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Physics and Astronomy

Department of Physics and Astronomy hopes to address some of these questions in Physics for Everyone, a fall public lecture series that debuts at 10 a.m. Saturday.

“We invite the public to come to campus to hear some of our faculty talk about the fundamental building blocks of the universe, weird and mysterious quantum world, and Einstein’s revolutionary ideas,” said Kranti Gunthoti, program director.

Read more about the series and view a schedule of the speakers.

Steven Johnston and his colleagues suggest, sometimes they can actually be a pleasant surprise.

In a study published today in the journal Nature Communications, Johnston and his collaborators report on how extra energy costs associated with the movement of electrons in lithium copper oxides reveal more about these materials, and in turn help scientists better understand their electronic properties.

The researchers focused on insulators, materials that make it virtually impossible for electric current to flow. They noted that the way current moves is a key property of insulators, semiconductors, and superconductors, which could drive the electronics industry.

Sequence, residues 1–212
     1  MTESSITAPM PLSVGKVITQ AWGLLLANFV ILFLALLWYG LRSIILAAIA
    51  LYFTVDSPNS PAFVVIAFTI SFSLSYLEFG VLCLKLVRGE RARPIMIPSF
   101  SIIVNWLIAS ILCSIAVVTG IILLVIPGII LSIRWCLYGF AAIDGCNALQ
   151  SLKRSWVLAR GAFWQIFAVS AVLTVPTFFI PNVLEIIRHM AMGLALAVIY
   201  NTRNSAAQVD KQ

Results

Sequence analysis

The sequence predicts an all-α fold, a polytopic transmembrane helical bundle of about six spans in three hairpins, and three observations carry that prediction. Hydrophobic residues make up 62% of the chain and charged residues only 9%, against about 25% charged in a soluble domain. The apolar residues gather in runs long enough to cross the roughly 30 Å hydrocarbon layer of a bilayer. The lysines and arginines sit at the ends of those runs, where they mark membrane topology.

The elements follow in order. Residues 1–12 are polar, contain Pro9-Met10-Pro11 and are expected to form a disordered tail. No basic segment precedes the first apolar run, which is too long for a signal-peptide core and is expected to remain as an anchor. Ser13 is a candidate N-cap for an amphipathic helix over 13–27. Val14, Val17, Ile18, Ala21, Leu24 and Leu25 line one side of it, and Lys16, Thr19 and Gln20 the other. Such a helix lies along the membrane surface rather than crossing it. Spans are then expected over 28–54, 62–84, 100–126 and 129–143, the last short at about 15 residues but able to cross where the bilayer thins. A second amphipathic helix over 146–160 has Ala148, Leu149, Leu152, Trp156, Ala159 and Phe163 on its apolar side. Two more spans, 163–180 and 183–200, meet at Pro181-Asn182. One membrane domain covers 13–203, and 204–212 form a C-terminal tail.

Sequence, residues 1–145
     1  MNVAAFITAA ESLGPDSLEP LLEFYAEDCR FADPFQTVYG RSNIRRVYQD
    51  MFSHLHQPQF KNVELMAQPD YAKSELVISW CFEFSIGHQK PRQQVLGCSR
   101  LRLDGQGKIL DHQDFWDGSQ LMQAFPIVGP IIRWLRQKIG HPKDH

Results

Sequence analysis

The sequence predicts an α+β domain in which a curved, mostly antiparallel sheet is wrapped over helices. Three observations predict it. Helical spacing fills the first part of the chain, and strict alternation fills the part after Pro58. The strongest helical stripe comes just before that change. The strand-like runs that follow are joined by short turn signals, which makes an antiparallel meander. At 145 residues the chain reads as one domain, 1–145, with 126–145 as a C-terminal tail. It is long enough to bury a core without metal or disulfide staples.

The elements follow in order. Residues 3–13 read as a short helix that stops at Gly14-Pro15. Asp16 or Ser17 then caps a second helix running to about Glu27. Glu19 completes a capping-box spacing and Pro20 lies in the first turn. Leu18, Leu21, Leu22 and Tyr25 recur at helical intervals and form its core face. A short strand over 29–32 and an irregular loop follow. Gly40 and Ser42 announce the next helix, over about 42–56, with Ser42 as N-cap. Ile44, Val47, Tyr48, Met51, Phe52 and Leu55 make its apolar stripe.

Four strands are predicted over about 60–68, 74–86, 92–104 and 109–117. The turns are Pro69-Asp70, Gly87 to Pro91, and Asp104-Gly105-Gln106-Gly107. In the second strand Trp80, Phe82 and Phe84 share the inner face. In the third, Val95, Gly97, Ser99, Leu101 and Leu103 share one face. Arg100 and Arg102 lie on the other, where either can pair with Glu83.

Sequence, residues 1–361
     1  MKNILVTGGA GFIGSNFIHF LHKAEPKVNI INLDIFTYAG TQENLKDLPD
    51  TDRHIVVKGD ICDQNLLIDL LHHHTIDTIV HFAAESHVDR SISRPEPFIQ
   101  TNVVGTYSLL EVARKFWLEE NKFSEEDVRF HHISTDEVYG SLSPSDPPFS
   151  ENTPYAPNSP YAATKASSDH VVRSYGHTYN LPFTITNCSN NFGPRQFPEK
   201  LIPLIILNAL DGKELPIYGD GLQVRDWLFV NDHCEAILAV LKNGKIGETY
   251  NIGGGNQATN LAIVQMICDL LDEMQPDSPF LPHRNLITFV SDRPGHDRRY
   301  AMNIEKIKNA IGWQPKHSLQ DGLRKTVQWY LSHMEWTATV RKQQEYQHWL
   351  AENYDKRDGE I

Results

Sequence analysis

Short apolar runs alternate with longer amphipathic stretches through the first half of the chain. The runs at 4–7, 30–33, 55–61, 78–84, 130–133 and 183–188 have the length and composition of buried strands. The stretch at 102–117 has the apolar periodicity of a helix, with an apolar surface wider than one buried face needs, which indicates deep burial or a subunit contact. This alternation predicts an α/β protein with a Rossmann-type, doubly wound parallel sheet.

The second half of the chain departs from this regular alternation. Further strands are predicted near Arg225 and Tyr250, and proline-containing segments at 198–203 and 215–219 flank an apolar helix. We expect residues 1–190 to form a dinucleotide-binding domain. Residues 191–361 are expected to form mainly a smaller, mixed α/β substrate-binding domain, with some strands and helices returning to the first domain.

Continue reading on the Department of Physics and Astronomy’s website.

Joint Institute for Neutron Sciences at the Department of Energy’s Oak Ridge National Laboratory. The institute is a partnership between ORNL and the University of Tennessee, Knoxville.

“Neutrons are the future in characterizing materials, especially soft matter,” said Taylor Eighmy, vice chancellor for research and engagement at UT. “With Alan as director, we can begin to establish deep thought leadership at UT and ORNL in this growing field.”

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